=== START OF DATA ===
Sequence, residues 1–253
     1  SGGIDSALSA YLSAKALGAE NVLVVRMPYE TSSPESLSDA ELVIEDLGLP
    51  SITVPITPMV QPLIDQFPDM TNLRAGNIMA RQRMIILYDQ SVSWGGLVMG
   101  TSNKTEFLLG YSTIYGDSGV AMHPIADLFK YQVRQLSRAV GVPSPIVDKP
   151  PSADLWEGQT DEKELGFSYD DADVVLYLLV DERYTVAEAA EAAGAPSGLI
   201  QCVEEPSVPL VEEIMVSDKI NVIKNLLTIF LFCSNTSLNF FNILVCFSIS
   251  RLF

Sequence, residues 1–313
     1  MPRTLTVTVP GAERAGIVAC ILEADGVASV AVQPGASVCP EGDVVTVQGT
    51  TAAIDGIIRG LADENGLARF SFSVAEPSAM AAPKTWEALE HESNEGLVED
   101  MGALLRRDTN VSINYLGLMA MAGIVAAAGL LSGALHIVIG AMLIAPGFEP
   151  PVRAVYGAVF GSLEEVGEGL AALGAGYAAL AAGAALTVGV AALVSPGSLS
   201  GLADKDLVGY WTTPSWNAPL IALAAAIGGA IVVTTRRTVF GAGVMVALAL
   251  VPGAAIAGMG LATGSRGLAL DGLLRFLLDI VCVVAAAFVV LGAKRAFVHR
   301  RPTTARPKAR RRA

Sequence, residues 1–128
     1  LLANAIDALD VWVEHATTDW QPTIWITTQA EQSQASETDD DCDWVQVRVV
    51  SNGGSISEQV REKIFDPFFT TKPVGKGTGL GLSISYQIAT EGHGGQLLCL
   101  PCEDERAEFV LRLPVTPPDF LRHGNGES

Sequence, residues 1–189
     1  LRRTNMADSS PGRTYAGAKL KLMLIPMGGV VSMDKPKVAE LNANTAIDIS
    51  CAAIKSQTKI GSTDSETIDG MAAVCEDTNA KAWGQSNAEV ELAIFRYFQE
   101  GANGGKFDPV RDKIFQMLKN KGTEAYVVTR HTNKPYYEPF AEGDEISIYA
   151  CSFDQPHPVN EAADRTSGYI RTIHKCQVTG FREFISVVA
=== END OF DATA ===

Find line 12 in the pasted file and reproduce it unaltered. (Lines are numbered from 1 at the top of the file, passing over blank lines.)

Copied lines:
   151  PVRAVYGAVF GSLEEVGEGL AALGAGYAAL AAGAALTVGV AALVSPGSLS